Today I had the opportunity to attend The Social Summit in Calgary – a collection of speakers and education sessions on a variety of social media topics relevant to today’s business owners, marketers and social media practitioners. While very little of the information presented was particularly new to me – even though I attended the Seasoned Stream breakout sessions, there were a few tidbits of gold to add to my toolbox and it was a great event to get inspired, network and be reminded of why I love what I do.
Here are my top takeaways from Day 1 of The Social Summit Calgary:
Lauren Toyota Keynote
Lauren Toyota – former Much Music VJ turned YouTuber spoke about her experience in shifting from mainstream media to social media, authenticity, passion, and influencer marketing.
Be authentic. Social media is only as real as you’re willing to be.
It’s not about what you do; it’s about who you’re being. Be you. Follow your passion. Don’t get caught up in what everyone else is doing.
Be willing to get personal if you want social media to work for you. People connect with people and hear an authentic voice.
Consider influencer marketing. 63% of millennials say they’re more likely to try something recommended by a YouTuber. If you don’t have the time or ability to forge those relationships, hire a PR firm who can reach out to influencers in any industry.
Keep in mind, with influencer marketing, it must be a mutually beneficial relationship. Respect that influencers have a valuable relationship with their fans that they aren’t willing to risk without gain.
Twitter Hour – Seasoned Stream
Nancy Smith – Social Media Manager, Travel Alberta
Nancy Smith, Social Media Manager for the widely successful Travel Alberta marketing team and instructor at Mount Royal University gave an informative talk about their use of Twitter automation, analytics and best practices.
You must find the sweet spot between what your audience wants to hear and what you need to promote. Keep the sell messages sporadic, interspersed with more valuable content for your followers.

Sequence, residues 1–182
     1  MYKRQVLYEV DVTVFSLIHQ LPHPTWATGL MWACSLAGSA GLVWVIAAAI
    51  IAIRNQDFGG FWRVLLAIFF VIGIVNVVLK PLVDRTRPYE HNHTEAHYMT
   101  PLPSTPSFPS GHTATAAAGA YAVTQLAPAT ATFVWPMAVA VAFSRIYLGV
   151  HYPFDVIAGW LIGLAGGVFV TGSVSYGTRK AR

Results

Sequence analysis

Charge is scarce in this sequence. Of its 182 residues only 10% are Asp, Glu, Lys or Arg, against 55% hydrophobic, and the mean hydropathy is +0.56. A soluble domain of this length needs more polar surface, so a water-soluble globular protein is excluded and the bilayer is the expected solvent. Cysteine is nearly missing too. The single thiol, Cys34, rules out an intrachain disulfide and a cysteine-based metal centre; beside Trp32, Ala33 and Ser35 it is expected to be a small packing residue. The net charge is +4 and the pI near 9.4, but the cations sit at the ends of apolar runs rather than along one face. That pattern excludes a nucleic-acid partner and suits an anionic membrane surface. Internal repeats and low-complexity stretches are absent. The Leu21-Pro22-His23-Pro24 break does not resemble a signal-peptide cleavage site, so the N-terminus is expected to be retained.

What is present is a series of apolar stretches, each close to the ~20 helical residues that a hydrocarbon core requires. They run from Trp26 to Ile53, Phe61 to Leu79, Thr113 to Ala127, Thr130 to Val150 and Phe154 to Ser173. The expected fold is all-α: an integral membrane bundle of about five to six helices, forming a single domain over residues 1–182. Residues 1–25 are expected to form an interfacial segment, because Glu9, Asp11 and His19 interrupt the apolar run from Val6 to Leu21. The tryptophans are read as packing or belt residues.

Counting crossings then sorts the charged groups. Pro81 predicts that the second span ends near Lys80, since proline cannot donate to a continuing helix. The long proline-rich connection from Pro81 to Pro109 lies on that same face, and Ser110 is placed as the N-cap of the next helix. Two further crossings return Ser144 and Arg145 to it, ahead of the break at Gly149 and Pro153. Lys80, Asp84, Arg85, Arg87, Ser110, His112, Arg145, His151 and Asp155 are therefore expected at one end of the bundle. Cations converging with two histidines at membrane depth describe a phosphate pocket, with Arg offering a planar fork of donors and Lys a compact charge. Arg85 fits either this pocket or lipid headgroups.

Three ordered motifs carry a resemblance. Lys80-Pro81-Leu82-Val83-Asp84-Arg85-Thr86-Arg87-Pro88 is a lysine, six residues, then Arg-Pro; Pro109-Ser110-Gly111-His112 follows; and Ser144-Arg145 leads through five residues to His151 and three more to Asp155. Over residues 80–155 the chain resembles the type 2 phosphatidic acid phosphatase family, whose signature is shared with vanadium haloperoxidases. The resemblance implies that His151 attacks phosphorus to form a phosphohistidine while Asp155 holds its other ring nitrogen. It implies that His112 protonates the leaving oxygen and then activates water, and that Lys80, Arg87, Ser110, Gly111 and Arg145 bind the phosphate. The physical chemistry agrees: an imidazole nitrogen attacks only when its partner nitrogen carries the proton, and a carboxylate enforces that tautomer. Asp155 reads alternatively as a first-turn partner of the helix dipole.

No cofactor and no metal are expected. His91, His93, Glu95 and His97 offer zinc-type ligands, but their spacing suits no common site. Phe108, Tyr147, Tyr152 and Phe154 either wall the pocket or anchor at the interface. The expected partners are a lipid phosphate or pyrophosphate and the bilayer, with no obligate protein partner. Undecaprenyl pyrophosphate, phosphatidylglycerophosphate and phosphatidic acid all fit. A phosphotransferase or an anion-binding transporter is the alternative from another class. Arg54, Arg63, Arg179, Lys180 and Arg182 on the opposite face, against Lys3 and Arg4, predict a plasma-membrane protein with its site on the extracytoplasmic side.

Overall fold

Use Twitter Analytics to find out what resonates with your audience, when they’re on and when they are most likely to engage with your content.
Then tweet when your audience is actually using the channel and not just when it’s convenient for you to tweet. Use a Twitter automation tool like Hootsuite, Tweetdeck or Buffer to schedule tweets at the right time.
Remember, though, that Twitter is a social channel. It’s meant to be social and real-time. If you do automate, be sure to also integrate real-time tweeting and responding. Responses to others’ tweets earn engagement just like your own tweets do.
And then this. Please don’t use auto-DMs to message new followers. You don’t need to thank someone for following. It’s spammy. Just don’t do it.
Content Marketing Hour – Seasoned Stream
Jillian Freshette – Director, Marketing & Creative Services, Calgary Sports & Entertainment Corporation
Jillian Frechette, Director, Marketing & Creative Services for Calgary Sports & Entertainment – the organization behind the Calgary Flames, Hitmen, Stampeders and Roughnecks – spoke on creating content that will grow your tribe and blending digital connections with real life experiences.
Tell human stories layered with emotional elements.
The new generation of fans want to connect. They want their experience to be more than observation – they want to be a part of it.
Invite them to an experience they could never purchase with their credit card. Create something new that is only achieved through connection and engagement.
Develop meaningful and shareable content away from the game, between the sweaty moments. Use the down time in between the action to keep the fire alive and your fans engaged.
Facebook Hour – Seasoned Stream
Richard Einarson, Marketing & Digital Engagement Specialist, Stafraen Digital Marketing
Richard Einarson, Marketing & Digital Engagement Specialist for Stafraen Digital Marketing presented advanced Facebook advertising techniques including developing effective Facebook and Instagram ads and copy, testing and optimization and measurement.
Unless you’re Don Draper himself, don’t use overly clever/subtle messages on Facebook. Be clear. Stick to the character counts in the templates as much as possible.